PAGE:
The AMS publishes nine atmospheric and related oceanic and hydrologic journals (in print and online), issues position statements on scientific topics that fall within the scope of their expertise, sponsors more than 12 conferences annually, and offers numerous programs and services. There is also an extensive network of local chapters.
The AMS headquarters are located at Boston, Massachusetts. It was built by the famous Boston architect Charles Bulfinch, as the third Harrison Gray Otis House in 1806
Book editions published:The River of Winged Dreams
Bright Skylark Literary Productions is an independent publishing and editorial consultation organization. It has been the primary engine behind the publication of a number of works by fiction writers and poets emerging out of the American Southeast during the first decade of the twenty-first century.
It has also served as the Internet umbrella for two important websites, Creative Thinkers International on the Ning network and the Black Skylark ZPed Music Player on AuthorsDen. The primary declared purpose of the satellite sites is the unfettered creation and sharing of work with the possibility of publication in book form as a secondary objective. The Bright Skylark Literary Productions web component itself is hosted by the Authors Guild of America net service. In addition, the web component also serves as a news distribution site for individuals affiliated with the outfit.
Book editions published:Tracing Your Family History
Imperial War Museums (IWM) is a British national museum organisation with branches at five locations in England, three of which are in London. Founded as the Imperial War Museum in 1917, the museum was intended to record the civil and military war effort and sacrifice of Britain and its Empire during the First World War. The museum's remit has since expanded to include all conflicts in which British or Commonwealth forces have been involved since 1914. As of 2012, the museum aims 'to provide for, and to encourage, the study and understanding of the history of modern war and "wartime experience"'.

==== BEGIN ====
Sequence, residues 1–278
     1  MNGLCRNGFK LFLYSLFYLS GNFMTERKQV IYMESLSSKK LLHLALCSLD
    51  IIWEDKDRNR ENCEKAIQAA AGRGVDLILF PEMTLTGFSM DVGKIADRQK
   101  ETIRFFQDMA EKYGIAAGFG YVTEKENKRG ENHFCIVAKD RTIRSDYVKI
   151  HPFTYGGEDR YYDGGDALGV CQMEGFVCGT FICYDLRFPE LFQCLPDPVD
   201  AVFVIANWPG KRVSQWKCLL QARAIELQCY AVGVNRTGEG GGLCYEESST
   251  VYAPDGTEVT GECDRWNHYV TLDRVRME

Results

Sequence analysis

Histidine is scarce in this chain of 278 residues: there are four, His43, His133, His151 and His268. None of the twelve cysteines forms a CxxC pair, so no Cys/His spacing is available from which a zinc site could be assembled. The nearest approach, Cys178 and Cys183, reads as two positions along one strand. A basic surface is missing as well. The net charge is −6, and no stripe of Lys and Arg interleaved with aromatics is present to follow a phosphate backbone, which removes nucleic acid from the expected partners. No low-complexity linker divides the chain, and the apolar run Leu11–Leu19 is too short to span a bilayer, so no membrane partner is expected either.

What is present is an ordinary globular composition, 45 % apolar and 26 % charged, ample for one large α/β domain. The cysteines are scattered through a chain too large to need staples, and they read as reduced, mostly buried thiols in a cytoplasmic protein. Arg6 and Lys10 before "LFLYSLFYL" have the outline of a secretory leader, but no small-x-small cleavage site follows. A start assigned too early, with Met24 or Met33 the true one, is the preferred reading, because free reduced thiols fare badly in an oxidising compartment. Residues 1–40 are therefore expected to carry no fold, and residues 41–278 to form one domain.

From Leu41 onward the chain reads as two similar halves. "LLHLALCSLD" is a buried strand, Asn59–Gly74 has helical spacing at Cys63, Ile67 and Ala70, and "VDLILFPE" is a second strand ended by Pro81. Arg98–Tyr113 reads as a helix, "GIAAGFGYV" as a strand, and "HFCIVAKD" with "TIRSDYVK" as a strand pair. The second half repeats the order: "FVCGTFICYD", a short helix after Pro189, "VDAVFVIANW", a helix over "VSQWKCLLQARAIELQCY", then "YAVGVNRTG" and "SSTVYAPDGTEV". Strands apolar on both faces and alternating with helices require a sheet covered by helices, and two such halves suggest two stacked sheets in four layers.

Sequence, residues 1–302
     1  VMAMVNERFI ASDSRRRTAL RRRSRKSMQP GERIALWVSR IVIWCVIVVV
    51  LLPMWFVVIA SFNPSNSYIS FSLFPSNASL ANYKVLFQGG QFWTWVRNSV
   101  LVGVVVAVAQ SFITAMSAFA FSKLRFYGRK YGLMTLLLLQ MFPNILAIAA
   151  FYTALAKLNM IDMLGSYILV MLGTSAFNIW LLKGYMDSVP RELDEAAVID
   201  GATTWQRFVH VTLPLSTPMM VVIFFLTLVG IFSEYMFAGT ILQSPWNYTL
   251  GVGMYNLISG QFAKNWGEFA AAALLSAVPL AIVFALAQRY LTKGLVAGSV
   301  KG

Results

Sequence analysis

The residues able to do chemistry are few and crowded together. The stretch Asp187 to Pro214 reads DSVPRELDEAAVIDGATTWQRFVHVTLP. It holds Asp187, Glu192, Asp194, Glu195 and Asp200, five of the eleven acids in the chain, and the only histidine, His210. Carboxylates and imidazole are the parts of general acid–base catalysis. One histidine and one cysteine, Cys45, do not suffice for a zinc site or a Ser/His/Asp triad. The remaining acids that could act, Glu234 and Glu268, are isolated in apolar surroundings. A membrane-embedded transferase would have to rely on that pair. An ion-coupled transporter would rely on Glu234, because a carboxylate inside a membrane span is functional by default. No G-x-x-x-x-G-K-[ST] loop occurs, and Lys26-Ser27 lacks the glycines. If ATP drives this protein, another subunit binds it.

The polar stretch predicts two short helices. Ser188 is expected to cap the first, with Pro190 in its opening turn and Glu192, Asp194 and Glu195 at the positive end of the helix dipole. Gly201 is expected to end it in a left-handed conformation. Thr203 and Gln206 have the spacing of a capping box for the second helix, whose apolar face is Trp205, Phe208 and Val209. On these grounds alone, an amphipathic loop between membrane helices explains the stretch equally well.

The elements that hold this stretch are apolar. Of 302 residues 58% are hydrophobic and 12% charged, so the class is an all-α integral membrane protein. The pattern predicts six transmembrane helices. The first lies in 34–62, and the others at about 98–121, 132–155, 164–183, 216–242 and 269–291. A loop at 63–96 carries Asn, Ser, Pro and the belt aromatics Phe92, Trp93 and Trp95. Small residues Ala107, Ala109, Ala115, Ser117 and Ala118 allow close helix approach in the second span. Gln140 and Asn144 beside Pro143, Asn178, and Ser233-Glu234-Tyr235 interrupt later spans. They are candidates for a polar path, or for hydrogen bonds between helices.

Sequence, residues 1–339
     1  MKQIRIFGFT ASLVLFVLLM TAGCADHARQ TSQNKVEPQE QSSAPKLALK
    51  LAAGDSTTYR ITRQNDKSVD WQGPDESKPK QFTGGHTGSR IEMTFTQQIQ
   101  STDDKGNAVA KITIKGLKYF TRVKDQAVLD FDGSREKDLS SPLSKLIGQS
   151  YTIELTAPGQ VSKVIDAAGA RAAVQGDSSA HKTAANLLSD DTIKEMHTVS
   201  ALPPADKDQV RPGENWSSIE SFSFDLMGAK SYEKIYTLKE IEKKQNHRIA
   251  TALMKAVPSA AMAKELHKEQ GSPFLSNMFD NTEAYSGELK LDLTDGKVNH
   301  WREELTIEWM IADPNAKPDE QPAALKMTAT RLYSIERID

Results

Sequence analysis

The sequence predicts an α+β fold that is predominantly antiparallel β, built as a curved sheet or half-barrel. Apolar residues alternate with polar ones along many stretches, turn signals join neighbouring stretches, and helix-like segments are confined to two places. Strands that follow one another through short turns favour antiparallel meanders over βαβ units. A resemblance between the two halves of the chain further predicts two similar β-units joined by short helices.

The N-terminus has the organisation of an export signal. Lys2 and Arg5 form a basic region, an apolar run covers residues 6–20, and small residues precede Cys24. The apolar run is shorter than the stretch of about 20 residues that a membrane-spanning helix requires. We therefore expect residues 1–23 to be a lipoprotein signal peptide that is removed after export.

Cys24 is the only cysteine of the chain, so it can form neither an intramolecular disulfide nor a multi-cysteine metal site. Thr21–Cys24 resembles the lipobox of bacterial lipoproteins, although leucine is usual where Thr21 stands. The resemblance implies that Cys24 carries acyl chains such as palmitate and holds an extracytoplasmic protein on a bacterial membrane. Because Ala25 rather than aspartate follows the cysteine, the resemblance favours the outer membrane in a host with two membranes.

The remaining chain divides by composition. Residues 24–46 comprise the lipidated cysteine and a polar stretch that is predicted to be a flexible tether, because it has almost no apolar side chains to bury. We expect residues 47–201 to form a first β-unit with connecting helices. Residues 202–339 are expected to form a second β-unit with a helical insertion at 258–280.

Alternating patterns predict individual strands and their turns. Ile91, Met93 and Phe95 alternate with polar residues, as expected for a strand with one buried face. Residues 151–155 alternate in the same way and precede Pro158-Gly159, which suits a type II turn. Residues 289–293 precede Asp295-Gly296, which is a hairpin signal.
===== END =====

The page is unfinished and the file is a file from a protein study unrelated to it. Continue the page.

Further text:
Originally housed in the Crystal Palace at Sydenham Hill, the museum opened to the public in 1920. In 1924 the museum moved to space in the Imperial Institute in South Kensington, and finally in 1936 the museum acquired a permanent home which was previously the Bethlem Royal Hospital in Southwark. The outbreak of the Second World War saw the museum expand both its collections and its terms of reference, but in the post-war period the museum entered a period of decline. The 1960s saw the museum redevelop its Southwark building, now referred to as Imperial War Museum London, which serves as
Lancelot Press was a Canadian publishing company which operated between 1966 and 1997. It specialized in non-fiction titles, many of which were of a regional nature centered on Maritime Canada, in the fields of local history, spirituality and personal memoirs. For many years, Lancelot was one of the very few Maritime publishing companies.